For the second and third parts of each act, there is normally one or two rooms of exploration and story exposition with a few more rooms that are open and hold plenty of areas to take cover. These rooms are where Quantum Break’s gameplay really shines and begins to break away from the norm. Not just your average gunfight, every shootout allows for use of your newly-acquired time powers and on harder difficulties are nearly impossible without a strategic combination of both smooth gun play and tactical use of time manipulation. For example, the most useful power in the game allows players to freeze enemies in a time bubble and fill it with lead from your current gun. After a few seconds the bubble dissipates and the unsuspecting soldiers within are riddled with the bullets you pumped into the bubble only moments before. Combining this ability with a fantastic sprint move that allows player’s to instantly kill lesser enemies with a melee finisher makes the game feel more like a superhero action title than a run-of-the mill cover based shooter. Surprisingly, the game still may be a little too easy even on the hardest difficulty as I rarely found myself wanting to grind my controller to dust out of frustration.
However, late game enemies change up the formula by wearing special gear that allows them to travel within the ripples in time that Jack’s powers create. As these enemies are not as vulnerable to Jack’s powers as standard Monarch soldiers, players are forced to think on their feet and adapt to each combat situation on the fly. This lends to the longevity of the game in a surprisingly positive way as each combat encounter feels different and I never got bored with the more frequent firefights as I progressed through the game.
In between each act, players are given control of the game’s chief villain, Paul Serene. While brief, these segments allow for further exposition into the backstory of the villains and the Monarch Corporation and set the stage for many of the branching story paths that affect both future game play scenarios and the outcome of the live action segments. For example, after completing Act One, players are given the option to cover up the events that have transpired with either violence and force or a manipulative, corrupt PR campaign that paints the main protagonist as a traitor and a terrorist. These instances set the stage for the rest of the story to play out based on the decisions players make and it is fun to watch the aftermath of these decisions and how they affect the universe that Remedy has created for Quantum Break.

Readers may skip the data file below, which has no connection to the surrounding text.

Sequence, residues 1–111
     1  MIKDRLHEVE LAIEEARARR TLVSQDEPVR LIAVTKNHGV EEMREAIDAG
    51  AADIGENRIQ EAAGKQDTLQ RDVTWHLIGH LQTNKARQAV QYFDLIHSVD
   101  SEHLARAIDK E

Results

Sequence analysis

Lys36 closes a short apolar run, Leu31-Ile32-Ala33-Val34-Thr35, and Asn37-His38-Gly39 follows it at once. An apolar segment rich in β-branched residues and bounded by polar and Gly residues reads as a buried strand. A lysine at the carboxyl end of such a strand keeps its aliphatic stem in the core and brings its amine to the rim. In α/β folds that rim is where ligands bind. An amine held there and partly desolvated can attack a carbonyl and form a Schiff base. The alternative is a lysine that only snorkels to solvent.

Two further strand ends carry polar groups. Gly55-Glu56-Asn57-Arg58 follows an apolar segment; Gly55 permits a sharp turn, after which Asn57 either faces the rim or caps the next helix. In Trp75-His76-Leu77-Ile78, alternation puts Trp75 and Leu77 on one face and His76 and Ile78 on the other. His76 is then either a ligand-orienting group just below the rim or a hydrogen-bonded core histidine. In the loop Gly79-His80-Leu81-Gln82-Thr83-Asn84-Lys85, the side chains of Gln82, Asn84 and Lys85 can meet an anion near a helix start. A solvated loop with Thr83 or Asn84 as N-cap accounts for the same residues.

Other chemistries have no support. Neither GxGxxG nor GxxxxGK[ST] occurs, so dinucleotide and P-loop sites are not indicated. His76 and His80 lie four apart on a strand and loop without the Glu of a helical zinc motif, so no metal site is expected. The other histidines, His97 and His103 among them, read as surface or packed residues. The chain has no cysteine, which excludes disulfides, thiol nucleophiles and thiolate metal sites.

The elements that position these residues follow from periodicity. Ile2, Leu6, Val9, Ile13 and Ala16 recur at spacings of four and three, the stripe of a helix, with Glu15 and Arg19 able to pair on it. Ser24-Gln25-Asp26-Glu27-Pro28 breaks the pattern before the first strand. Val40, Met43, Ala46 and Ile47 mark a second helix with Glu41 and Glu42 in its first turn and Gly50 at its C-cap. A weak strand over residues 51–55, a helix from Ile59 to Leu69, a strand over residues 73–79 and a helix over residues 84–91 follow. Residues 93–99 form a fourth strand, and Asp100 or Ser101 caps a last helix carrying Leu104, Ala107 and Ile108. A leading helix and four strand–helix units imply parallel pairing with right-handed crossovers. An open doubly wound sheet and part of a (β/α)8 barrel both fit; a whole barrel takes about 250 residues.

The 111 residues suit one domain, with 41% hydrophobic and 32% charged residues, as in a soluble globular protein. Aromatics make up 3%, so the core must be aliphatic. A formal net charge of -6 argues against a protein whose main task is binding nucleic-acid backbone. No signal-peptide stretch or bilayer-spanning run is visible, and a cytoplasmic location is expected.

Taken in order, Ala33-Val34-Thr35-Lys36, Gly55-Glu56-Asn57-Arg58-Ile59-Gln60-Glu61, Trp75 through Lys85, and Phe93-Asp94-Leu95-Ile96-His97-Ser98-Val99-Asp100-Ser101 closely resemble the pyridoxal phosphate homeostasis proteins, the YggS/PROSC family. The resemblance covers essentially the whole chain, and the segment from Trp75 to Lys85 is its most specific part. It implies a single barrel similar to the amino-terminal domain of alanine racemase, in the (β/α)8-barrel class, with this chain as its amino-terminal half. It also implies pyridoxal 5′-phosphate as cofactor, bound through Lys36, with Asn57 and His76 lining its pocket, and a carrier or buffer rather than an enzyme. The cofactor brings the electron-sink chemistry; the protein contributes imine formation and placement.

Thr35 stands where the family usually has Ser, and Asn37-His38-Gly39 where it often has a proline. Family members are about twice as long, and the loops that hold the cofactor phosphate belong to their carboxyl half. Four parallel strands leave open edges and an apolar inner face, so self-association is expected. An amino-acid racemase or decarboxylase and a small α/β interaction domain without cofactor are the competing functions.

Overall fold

Quantum Break is easily one of the best looking games to date on Xbox One. The facial capture work is astounding and the voice acting and graphics are so well done that I almost couldn’t tell the difference between the gameplay and live-action sequences. Despite the game’s unique approach to story telling with its included live action episodes there are some flaws in the overall experience. Players with a relatively average internet connection will definitely want to download the live action episodes before playing the game as the streaming is some of the worst I have ever seen. “Waiting to Buffer” messages pop up every few minutes and you feel like time is literally stuttering around you as you attempt to view the live action segments in bite size 30 second chunks due to the constant buffering issues. I would chalk this up to there being a problem with my internet connection if not for the fact that Netflix rarely, if ever, has to buffer and requires only a 2MB connection to stream efficiently.
Unfortunately, the game is also marred by a few instances of potentially game breaking bugs that could cause players to have to start the game over from the beginning to avoid. I also encountered several instances where the game would freeze during the transition from an in-game cutscene to game play. While I could ordinarily overlook these issues, they occurred far too frequently in a game that is otherwise well on its way to becoming a masterpiece.
However, these are my only major gripes about Quantum Break as Remedy has crafted one of the most unique and refreshing single player experiences in years. I can’t wait to see what they do next, especially since Quantum Break has several Easter Eggs that tease the return of their last masterpiece, Alan Wake.